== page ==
AUSTRALIA. GOLD FIELDS.—EXTRAORDINARY YIELD. Advices dated Melbourne, January 13th, 1852, have reached London by an unusually quick voyage, of only three months. The following is a copy of a letter, on the truthfulDess of the statements contained in which, full reliance may be placed. Melbourne, Jan. 13, 1852. The yields of our gold fields have been still more astonishijg sioce I last wrote to you. To enable you to form an idea, 5 will give you a statement of the quantity weekly received at the Treasury, in Melbourne, by the government escort, for the last seven weeks For the week ending 26th Nov., 13,169 ounces, 3rd Dec., 16669 I I Oth 26,656 „ 11 17th 19,492 24th 10,851 „ M 31st 10,634 „ 7th Jan. 10.998 And the escort, to arrive to-day, will bring 15,035 ounces. As I mentioned before, what the escort brings is no criterion what- ever, and it has been estimated that it only forms one-third part of the whole. The shipments of gold up to 31st December, consisted of 144,825 ounces, which, at the very low valuation of f3 per ounce, gives .£43!,475 as the result of three months. But the above only forms a portion of the total exported, as it only shows the quantity taken on freight. There is no duty pay- able the only thing the master of the vessel has to do is to make a declaration of how much he has on board, to satisfy the govern* ment. Of course he cannot say what quantity the passengers have with them, and it is well-known that passengers, generally, do take away as much as they can bear with them. The Bril- liant, the Statesman, and Sarah Ann, 3 ships are departing new for London, all of which will take away a very large quantity; the two first certainly not less than 40,000 ounces each, and the last about 35,000 ounces. The ship Melbourne took away 60,586 ounces. Sailors are so scarce, that they are coolly asking .flOO for the run home. Common labourers get lOsa-day, fo« merely helping to load ships.' Frequently we have 1,000 souls landed in the 24 hours !rom South Australia. Even New South Wales, with all her gold fields, cannot retain her population, as* when the last steamer left Sydney, a few days ago, there were no fewer than 10 vessels filling up wi'h goods and passengers for Melbourne; and even this day (13th Jan.,) already there are no fewer than 238 pas engers. Adelaide, however, is suffering the most, as no gold has been found there as yet, and a few days; ago, nine ships arrived in one day from that port. "The price of gold is now firm at 60s* per ounce shortly after the first arrivals from the gold fields, it was 62s; but when the large quantities begun to pour in, the price fell to 56. 6d and 57s; but a number of fresh buyers has again raised it to 60s. Ihe freight to England is J per cent,, valuing it at £ 3 per ounce and commission oa buying and selling at 1 per cent. The quantity in the market is stillvery large, and fresh arrivals take place every day. Looking amlie quantities brought down by the escort, one would be led to believe that the quantity was falling off, but such is not the case, as the deficiency can bo easily accounted for, from the fact of the immense number of miners who had left the gold fields to spend their Christmas holidays in town, and who brought their own gold with them, instead of paying the J per cent, escort free. Numbers are still arriving, many having left on account of the scarcity of water during the hot weather, as well as the badness thereof, owing to its being so much disturbed with the continual washing of the gold. The city (Melbourne) has been very crowded in- deed, for the last month with diggers, who have been spending their money most freely, but great order and good conduct have prevailed. Shopkeepers and publicans have teen making a great deal of money." GOLD DUST. Should Everything that is gold, glitters," be used as a set off to the venerable adage which warneth us, All is not gold which glitters 1" There is certainly a great and universal fas. cination in the m)stic metal, from which few are able to preserve themselves; so the columns of news from the gold regions" is seldom unread. There is no lack of glitter in the last file of Australian papers. Every paragraph seems racy of the soil." We select a few "A miner lately weLt into Redfern's, the pastry cook, in Collins-street, and bought a few shillings' worth of confec- tionery; he threw down a five pound note, and declined to re- ceive any change." Women are driving water catts about Melbourne, tieij husbands having gone goid-hunting." "No less than twenty-four government clerks intend sloping off to the diggings, when their engagement* terminate in December." "The quantity of gold purchased in Melbourne, during the week ending 24th November, was 11,444 ounces." By the arrival of the barque Jane," says another paper, "Captain Norris, from the river Wairo Kiapara, we have re- ceived intelligence that gold has been discovered in abundance near some extensive plains, between the Bay of Islands and Hokiangs that the natives of that locality are determined to op- pose the government and others from either trespassing upon, or taking possession o,4 the land on which it is found. The natives in the district of Kiapara, are .in a state of actual starvation, and no prospect of relief until their crops are ripe." But unhappily this pleasant picture has its reverse. The- following pithy announcement suggests uncomfortable consi- derations A petition for a gold escort from Mount Alexandria to Gee- long is being got up."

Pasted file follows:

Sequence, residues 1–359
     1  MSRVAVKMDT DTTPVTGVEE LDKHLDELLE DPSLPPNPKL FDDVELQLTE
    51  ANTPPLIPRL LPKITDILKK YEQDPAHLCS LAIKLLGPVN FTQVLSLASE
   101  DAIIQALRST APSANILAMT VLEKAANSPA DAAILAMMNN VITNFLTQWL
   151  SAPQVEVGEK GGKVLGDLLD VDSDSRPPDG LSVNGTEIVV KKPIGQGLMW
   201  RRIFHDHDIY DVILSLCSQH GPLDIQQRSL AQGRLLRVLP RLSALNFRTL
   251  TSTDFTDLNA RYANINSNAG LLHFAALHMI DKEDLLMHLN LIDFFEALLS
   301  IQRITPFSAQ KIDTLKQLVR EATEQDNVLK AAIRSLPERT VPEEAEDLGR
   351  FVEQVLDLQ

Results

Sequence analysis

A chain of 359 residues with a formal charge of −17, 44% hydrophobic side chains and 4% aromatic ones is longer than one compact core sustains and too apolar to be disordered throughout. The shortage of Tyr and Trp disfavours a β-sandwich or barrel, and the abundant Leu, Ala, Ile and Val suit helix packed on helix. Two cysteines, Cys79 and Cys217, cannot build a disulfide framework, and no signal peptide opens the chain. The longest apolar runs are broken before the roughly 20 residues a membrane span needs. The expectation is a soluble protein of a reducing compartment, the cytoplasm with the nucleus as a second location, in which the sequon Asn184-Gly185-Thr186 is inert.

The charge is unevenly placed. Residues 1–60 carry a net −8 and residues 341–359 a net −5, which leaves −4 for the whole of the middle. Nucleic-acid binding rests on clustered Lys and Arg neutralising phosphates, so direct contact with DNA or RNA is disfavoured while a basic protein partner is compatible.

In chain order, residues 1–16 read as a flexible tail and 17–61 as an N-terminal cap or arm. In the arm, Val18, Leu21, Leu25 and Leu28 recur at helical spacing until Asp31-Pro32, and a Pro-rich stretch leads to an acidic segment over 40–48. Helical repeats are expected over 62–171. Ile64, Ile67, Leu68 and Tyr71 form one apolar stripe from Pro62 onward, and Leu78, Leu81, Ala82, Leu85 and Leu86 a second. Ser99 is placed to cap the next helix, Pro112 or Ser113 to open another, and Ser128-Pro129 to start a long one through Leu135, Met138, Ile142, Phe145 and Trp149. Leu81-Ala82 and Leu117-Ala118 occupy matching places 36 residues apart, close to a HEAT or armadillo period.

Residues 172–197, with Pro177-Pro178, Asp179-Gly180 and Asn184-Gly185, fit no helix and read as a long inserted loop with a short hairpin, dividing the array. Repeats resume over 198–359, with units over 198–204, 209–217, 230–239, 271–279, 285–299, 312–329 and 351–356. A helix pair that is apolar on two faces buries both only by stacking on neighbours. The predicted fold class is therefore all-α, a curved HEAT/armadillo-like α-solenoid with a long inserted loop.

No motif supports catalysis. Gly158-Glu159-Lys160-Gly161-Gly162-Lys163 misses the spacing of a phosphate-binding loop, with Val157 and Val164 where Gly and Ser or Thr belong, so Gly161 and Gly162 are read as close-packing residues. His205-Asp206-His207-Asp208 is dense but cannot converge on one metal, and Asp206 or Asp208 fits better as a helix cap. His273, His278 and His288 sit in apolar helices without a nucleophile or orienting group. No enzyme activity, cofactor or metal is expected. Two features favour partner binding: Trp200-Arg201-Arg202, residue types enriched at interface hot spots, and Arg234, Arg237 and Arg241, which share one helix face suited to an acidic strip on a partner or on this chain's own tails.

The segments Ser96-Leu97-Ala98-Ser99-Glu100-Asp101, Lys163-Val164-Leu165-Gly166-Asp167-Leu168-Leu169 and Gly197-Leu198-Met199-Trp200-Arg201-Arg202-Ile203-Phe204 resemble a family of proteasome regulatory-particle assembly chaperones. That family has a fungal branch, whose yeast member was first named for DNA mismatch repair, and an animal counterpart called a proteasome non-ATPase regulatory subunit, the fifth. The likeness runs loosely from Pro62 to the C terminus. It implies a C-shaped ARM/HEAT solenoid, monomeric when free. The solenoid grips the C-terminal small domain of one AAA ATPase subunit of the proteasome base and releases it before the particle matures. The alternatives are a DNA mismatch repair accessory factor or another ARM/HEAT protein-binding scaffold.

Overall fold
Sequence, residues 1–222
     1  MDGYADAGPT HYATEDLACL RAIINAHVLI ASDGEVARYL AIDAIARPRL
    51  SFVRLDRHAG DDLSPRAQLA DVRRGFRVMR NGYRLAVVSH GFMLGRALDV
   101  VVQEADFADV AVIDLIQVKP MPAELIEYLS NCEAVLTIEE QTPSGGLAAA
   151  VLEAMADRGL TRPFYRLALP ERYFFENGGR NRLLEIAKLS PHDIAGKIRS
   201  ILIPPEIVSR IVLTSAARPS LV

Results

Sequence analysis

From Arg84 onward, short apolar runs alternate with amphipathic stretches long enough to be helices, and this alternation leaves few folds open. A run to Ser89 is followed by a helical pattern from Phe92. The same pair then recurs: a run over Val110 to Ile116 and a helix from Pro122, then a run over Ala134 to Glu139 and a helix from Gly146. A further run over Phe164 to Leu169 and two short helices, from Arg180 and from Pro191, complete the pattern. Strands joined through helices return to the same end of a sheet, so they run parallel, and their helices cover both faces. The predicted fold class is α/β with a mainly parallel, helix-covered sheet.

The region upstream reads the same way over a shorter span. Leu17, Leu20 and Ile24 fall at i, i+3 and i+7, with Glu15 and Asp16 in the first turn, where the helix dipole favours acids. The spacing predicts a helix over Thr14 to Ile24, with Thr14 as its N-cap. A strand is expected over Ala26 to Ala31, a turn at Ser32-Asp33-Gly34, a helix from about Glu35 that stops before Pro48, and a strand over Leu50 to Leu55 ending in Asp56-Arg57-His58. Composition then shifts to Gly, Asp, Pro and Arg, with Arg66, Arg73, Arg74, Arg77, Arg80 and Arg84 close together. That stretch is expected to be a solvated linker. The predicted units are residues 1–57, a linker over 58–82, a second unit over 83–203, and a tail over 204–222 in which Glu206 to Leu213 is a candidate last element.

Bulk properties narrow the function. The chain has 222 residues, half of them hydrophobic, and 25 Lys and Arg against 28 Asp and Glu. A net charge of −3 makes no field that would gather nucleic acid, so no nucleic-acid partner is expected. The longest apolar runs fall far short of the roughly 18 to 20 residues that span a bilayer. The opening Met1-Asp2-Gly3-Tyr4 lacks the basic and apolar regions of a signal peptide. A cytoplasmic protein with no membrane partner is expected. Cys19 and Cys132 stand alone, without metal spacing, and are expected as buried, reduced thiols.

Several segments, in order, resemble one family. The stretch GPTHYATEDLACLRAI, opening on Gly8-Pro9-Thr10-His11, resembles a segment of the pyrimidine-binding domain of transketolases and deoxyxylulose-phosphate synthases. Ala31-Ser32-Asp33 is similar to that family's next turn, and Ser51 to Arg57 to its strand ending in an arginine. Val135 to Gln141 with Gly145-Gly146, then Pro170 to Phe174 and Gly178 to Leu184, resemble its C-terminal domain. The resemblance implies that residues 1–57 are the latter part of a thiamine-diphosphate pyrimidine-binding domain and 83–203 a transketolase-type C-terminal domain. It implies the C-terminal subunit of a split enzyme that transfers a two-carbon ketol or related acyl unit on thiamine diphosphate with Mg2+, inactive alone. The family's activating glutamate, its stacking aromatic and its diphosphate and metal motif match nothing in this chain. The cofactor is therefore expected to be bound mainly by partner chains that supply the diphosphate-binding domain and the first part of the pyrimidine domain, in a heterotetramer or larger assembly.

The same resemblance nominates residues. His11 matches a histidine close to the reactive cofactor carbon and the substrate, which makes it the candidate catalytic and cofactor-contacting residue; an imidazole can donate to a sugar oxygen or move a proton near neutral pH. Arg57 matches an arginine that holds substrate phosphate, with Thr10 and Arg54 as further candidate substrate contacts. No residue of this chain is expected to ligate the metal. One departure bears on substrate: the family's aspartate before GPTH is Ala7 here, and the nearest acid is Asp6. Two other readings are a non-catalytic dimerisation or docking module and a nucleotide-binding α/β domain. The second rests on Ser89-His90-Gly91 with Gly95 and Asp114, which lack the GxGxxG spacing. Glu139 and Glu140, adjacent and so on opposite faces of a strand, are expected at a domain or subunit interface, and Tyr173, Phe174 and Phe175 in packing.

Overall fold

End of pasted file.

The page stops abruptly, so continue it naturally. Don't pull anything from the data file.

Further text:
A CURIOUS TURN or FORTUNE—We (Limerick Reportery understand that the exertions of our respected mayor in search of the heir to the extensive property left by a clerical gentlemen named Eugene M'Namara, who lately died at Paris, has been successful. He turns out to be a member of the police force in this city, named John M'Namara, a native of Corofin, county Clare, and the only surviving brother of the deceased Rev. Eugene M'Namart, who, through his connection with some close relatives engaged in mining spesulations in Mexico and elsewhere, became possessed of property to a very considerable amount in lands and money in a foreign country, and was oft his way home when he was taken ill, and died intestate in Paris. Some good friends there, cognisant of deceased's cir- cumstances, and supposing him, from some papers in.hia pos- session, to be a native of Limerick, at once communicated the- state of bis affairs to the mayor, who instantly set inquiry oa foot to discover the nearest of kin to deceased, whom he ha& discovered. The sum just now available of his monied property is no less than 1,200.000 francs, or about £ 48,000 English currency documentary evidence to secure which it in the haDde of the Parisian correspondent, and John M'Namara possesses incontrovertible proof of his close alliance with tbe deceued rev, gentleman. DECREASE OF THE POPULATION.—The details of the census of the union of Skull, in 'he county of Cork, are published. In the division of Ballybawn the population of 184) was 1801 in 1851 it was but 893. Several other electoral divisions exhibit as serious a falling off, while two or three in which villages are situated have but sligMlv decreased. The town of Skull itself has increased from 2895 to 3226. On the whole union tit.. fslling-off has been from 26,620 to 16,866. m